The point here is not whether this syllogism is valid--though, as you will learn in the next section, it is--but simply that a syllogism can deal with the qualified terms that the argument presents here, and a conditional cannot.

There is no reason to ignore conditionals completely, however. Having learned the two valid forms, you will find that analyzing some arguments in a conditional form is both efficient and accurate--enough reason to practice restating claims as conditionals. Using the three rules to check the validity of a syllogism, which you will learn to do in the next section, may seem complicated by comparison. While you can use the rule-based approach in every case, most people use a combined analysis of argumentation, employing both conditionals and syllogisms

The Three Rules

Before beginning, you may want to review some of these sections:

[Universal Statements] [Deduction]

In other sections, the uses of paradigms to check the validity of deductive conditionals and syllogisms are covered. These are common techniques, but they suffer from two major shortcomings:

  1. They can only be applied to universal claims. If the second premise of a conditional or either premise of syllogism includes non-universal terms (for example, "Some P" or "Some X are Y"), the paradigms cannot be applied, and the validity of the argument is unknown.
  2. They are dependent on specific sequences, of terms within a claim and of premises within an argument, and sometimes require the extra step of re-ordering the claims. Consider this argument: "All kayaks are boats, and all boats are watercraft, so all kayaks are watercraft." Though this is obviously a valid argument, it doesn't seem to fit the paradigm, since it has the form "All X are Y, all Y are Z, therefore all X are Z." To make it valid, we must either re-order the two premises, or treat this as a chain argument with an unstated premise; either way, we have made a simple argument much more complicated.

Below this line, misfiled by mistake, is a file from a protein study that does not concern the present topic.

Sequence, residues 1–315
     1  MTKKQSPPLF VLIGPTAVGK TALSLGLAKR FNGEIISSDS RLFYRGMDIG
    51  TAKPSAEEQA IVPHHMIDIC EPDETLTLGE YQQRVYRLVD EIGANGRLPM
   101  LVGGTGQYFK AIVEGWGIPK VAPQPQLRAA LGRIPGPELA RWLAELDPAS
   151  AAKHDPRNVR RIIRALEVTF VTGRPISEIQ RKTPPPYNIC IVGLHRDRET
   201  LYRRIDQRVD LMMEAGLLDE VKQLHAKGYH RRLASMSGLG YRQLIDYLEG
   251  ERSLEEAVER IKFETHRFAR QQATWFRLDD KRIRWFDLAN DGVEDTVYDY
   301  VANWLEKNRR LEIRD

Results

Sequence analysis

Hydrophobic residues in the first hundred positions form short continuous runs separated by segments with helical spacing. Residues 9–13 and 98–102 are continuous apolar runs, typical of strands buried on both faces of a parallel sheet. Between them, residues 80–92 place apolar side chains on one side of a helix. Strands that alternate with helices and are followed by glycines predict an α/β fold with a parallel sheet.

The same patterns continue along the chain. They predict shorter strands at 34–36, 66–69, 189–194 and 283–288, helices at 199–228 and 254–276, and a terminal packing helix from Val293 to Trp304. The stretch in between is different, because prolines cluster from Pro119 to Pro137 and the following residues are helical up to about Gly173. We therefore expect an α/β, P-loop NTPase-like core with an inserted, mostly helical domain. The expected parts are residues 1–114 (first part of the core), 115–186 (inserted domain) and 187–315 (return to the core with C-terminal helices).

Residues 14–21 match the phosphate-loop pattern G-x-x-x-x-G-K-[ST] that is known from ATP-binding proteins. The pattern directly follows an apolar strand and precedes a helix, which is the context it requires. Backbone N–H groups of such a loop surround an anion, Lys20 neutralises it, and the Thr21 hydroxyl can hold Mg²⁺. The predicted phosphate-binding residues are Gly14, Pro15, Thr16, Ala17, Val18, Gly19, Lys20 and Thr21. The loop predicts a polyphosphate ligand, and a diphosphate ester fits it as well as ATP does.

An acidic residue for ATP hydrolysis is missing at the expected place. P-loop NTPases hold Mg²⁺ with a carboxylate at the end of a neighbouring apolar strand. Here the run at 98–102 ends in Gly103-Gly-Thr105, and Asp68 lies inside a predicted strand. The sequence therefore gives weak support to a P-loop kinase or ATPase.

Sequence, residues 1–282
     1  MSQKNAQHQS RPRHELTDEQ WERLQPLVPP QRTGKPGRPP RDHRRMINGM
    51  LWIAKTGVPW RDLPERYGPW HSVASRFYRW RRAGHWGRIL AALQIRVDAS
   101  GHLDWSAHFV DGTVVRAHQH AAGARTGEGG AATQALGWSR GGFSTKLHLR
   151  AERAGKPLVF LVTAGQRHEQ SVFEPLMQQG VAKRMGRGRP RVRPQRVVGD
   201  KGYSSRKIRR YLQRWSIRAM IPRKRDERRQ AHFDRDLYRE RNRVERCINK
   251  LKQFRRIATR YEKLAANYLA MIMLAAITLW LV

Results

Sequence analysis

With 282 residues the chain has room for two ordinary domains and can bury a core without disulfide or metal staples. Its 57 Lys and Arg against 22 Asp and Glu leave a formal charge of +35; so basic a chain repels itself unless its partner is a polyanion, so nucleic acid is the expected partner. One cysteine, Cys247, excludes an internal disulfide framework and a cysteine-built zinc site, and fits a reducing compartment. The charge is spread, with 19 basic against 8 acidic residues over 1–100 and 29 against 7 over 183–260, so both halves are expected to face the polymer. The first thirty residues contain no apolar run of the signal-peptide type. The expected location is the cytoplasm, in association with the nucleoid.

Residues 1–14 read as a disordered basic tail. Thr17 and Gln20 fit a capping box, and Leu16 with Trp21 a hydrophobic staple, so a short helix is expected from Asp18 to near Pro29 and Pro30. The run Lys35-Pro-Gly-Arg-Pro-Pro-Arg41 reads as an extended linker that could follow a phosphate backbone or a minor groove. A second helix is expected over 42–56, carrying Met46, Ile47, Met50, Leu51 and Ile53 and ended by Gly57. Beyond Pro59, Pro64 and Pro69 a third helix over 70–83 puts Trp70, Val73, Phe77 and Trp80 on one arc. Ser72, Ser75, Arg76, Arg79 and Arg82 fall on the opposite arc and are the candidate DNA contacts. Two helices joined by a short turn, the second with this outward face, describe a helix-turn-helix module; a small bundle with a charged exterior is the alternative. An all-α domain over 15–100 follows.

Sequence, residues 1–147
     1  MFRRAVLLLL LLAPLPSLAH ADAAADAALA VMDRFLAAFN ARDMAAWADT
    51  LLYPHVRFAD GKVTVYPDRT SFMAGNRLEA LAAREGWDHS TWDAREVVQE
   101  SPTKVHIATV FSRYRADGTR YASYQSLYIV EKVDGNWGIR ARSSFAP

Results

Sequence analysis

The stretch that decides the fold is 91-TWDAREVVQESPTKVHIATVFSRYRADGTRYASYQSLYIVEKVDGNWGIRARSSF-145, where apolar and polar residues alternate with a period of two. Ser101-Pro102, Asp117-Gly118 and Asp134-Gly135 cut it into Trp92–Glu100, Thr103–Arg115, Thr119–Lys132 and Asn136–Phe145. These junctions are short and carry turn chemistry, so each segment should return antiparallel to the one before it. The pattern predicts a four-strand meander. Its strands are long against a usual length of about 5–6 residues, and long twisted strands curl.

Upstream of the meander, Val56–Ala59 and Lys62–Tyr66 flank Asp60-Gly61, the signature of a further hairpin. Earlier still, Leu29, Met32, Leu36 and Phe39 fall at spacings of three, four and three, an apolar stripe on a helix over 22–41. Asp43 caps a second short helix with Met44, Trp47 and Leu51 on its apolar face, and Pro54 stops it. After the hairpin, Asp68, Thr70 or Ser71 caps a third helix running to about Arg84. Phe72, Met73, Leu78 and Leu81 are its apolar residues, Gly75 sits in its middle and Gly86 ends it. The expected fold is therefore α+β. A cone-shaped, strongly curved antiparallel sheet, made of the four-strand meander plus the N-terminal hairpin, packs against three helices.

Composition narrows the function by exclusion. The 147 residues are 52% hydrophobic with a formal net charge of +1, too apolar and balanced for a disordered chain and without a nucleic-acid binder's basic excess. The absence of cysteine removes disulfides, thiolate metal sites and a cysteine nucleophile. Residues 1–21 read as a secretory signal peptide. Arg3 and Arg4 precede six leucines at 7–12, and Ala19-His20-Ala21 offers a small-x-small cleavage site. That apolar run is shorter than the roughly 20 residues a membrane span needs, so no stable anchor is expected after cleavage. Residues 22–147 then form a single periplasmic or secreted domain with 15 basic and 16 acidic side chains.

These problems can be avoided by applying three simple rules to any syllogism. The first rule concerns negatives, like "no" and "not."

1. If the conclusion is a negative claim, one (but not both) of the premises must be a negative claim; if the conclusion is not a negative claim, neither of the premises can be negative.
The next two rules concern what is usually called a distributed term, but which is exactly what we have been calling a universal term elsewhere: that is, a term which is qualified by the equivalent of "all" or "none."
2. If a term is distributed in the conclusion, it must be distributed in one of the premises.
3. The "middle term," the term repeated in each of the premises, must be distributed in at least one of the premises.

The table below identifies which terms are distributed, or universal, in the four possible claims, and which of the claims are negative.

All A are B.

No A is B.

Some A are B.

Some A are not B.

A, but not B.

Both A and B.

Neither A nor B.

B, but not A.





In general, only terms with "all," "no," or "not" in front of them are distributed. The exception is the claim "No A is B," where both A and B are distributed. One way to understand this is to remember that "No A is B" is equivalent to "No B is A"; since both terms can have the "no" in front of them, they both must be distributed. (See Statements and Conversions.)